With the invention of stainless steel ushering in a new revolution in the cutlery industry and thereby also in the manufacture of the Swiss knives, Victoria came to be renamed in 1921 as Victoriniox by Elsener’s son Carl, as a portmanteau of Victoria and inox, the abbreviated French term for stainless steel, marking the beginnings of the use of the alloy in the manufacturing process. Exactly a decade later, Victorinox sets another benchmark in the production of these knives as the setting up of the world’s first all-electric hardening plant in Ibach brought along with a guarantee of producing Swiss knives that would consistently be of high quality. Despite such innovations and modifications that had come to characterise the Swiss army knife till that point in time, it wasn’t until much later that the name come to stuck, in its simple but profound references. Also sticking to the nomenclature of the Swiss knife very prominently and exclusively is the brand name of Victorinox that which is today the the sole supplier of knives to the Military of Switzerland. Particularly after its acquisition of Wenger in 2005, Victorinox came to reclaim indeed its status as producing the ‘original’ Swiss army knife, proceeding even to abandon the Wenger brand of knives in favour of its own from 2013.
For a product so rooted in the cultural identity of Switzerland, it can come across as somewhat surprising that the Swiss army knife began to be called so by only the American soldiers after roughly half a century of its development. It was only after the second World War that this utility device attained international prominence, particularly in America where the the original name of it, Schweizer Offiziersmesser made way for the more common Swiss army knife owing to the difficulty encountered by the soldiers there in pronouncing the German name for officer’s knife or even in saying Sackmesser, as in the local Swiss-German dialect. The far simpler English name stuck and has since been professing such a eponymous Swiss legacy that finds expression today also outside the folds of the military. While each military recruit in Switzerland still receives a Swiss Army knife upon beginning their service, the prominent red handled device today has seen a crossover to realms of popular culture as well. Not just in its physicality however, this ingenious utility tool has come to encompass attributes also of the person that which has seen it lend itself so well as a metaphor for usefulness and adaptability. Reasserting also the tangible identity of this rather humble device is its presence in realms even beyond mere earthly premises, having been sent in space missions carried out by NASA since the late 1970s particularly in its Master Craftsman model. Finding expression also is the distinguished legacy associated with it that which led the Original Swiss Army Knife to become an exhibit for design at the Museum of Modern Art in New York in 1977. Besides such distinguished mentions throughout the course of its existence, the Swiss Army Knife has also been a recurring phenomenon encountered in the realm of the entertaining arts, particularly in the 1985 television series MacGyver as well as its 2016 reboot.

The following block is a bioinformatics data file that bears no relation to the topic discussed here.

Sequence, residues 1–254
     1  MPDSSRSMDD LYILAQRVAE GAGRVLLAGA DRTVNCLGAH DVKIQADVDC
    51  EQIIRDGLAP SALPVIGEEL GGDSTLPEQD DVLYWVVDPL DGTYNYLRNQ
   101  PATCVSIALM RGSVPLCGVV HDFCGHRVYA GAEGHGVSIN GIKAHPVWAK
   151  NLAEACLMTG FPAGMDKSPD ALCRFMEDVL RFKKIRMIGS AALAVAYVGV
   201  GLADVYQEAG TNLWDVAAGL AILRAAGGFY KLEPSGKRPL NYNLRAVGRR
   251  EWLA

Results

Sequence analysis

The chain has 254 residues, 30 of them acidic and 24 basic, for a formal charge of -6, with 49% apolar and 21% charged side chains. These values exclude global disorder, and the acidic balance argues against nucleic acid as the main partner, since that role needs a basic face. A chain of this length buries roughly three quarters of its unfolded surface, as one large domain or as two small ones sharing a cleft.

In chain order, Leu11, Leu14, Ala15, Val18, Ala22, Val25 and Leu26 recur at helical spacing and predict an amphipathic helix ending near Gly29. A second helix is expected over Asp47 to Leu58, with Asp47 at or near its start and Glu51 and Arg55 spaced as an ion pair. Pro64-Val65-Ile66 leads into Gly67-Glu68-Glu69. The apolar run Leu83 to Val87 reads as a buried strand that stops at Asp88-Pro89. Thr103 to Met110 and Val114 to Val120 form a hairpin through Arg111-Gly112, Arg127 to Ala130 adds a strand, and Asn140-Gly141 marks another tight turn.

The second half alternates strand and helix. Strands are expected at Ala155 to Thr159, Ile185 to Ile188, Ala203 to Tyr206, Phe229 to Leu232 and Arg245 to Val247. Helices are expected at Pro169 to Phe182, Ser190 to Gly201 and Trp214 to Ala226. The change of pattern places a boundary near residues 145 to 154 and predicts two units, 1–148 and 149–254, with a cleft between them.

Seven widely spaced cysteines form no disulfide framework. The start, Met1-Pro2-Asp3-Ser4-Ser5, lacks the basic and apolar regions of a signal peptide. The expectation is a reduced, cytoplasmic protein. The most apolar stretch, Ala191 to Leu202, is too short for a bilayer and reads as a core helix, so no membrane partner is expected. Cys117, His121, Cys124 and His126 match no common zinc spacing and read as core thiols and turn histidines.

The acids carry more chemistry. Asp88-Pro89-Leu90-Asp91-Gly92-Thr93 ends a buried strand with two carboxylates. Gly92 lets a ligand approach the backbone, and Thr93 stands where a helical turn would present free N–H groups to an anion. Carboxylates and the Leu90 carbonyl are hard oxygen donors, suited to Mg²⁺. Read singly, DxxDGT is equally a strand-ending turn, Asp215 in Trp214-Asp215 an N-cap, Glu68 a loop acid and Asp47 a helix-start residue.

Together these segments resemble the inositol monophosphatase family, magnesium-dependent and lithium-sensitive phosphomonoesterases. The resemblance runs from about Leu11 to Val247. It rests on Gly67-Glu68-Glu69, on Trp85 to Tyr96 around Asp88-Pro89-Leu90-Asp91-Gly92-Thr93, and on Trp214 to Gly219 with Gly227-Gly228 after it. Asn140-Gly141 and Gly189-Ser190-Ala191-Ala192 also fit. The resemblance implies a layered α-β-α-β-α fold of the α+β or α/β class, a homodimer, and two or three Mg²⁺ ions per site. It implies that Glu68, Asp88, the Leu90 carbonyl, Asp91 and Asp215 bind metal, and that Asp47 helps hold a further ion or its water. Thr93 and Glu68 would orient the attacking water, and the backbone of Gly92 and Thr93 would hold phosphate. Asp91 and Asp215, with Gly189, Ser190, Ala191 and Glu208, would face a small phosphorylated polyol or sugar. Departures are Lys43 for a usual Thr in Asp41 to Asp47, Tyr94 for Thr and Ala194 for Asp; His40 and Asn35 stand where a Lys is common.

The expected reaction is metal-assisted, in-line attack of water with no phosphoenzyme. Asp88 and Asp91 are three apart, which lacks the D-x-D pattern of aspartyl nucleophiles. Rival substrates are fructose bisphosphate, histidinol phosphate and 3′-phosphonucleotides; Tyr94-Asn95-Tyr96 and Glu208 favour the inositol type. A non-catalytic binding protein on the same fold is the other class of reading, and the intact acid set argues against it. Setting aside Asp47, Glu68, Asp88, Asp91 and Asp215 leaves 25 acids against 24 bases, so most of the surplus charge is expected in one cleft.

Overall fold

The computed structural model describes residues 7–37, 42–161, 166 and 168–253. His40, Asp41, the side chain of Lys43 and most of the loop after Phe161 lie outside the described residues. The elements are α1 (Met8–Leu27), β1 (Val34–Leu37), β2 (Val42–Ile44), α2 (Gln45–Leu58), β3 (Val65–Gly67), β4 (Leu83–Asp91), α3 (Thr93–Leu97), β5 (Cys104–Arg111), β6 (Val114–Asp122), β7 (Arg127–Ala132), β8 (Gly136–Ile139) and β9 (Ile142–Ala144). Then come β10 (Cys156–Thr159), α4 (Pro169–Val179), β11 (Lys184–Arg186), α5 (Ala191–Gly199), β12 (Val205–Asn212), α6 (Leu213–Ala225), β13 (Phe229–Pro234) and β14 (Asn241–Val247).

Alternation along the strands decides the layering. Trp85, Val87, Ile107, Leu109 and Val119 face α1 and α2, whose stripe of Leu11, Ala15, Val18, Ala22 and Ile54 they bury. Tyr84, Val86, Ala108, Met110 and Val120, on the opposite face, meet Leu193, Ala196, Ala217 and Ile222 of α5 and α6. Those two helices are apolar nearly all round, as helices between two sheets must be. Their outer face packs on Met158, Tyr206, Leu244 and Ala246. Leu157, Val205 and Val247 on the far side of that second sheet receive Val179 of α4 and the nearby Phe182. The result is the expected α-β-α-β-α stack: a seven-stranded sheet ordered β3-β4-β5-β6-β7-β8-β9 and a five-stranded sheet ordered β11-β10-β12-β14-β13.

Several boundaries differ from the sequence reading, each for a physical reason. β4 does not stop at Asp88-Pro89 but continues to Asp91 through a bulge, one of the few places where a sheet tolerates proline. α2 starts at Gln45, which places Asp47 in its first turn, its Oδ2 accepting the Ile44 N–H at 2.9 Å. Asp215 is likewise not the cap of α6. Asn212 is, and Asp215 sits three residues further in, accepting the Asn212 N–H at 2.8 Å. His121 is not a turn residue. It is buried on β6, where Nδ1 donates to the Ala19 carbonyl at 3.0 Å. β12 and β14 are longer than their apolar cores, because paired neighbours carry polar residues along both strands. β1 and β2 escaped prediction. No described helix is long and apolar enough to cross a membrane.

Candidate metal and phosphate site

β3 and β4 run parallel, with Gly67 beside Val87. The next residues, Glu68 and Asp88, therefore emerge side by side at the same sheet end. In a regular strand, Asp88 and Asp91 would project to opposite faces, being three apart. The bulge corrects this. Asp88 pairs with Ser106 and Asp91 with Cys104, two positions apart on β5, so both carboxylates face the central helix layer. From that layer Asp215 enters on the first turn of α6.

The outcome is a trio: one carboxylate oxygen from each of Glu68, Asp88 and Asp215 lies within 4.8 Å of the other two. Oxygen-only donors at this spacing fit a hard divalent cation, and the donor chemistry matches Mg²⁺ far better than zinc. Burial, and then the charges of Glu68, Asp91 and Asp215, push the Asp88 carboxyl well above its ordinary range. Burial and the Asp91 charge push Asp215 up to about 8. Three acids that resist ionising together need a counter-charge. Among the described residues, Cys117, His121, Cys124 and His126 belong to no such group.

This extension of its cultural image to popular culture globally is only an manifestation of the power yielded by this rather simple tool of tremendous utility. In fact, one of the Wenger produced Swiss Army knife called “The Giant” that came with 87 tools rendering it the capability of performing a whopping 141 different functions was recognized by the Guinness World Records as the world’s most multifunctional penknife. Venturing out of the norm though, a 1991 made unique 314-blade Swiss Army-style knife attributed to Master Cutler Hans Meister is the world’s largest penknife with its 5kg weight. There’s however no beating Victorinox when it comes to be the undisputed leader in Swiss army knives, rolling out even hazelnut chocolates wrapped like Swiss army knives, made with of course the pick of finest chocolates that Switzerland is (also) so known for. Equally interesting is Victorinox’s roll out of a certain- and still multi utility Swiss army knife model that comes in with a built in MP3 as well! The exploration into other facets that might venture a bit beyond the utilitarian does not however mean that Victorinox’s brand of Swiss army knives have ceased to yield as much influence among the militaria. Standing testaments to its unparalleled utility is the fact that armed forces of more than 20 different nations, including that of of Germany, France, the Netherlands, Norway, Malaysia and the United States have issued or approved the use of various versions of Swiss army knives made by Victorinox. In its tremendous multi dimension functionability efficiently incorporated within what caters to the size of a pocket, the Swiss army knife is indeed a further reinstatement of the Swiss craftsmanship’s allegiance to fine perfection.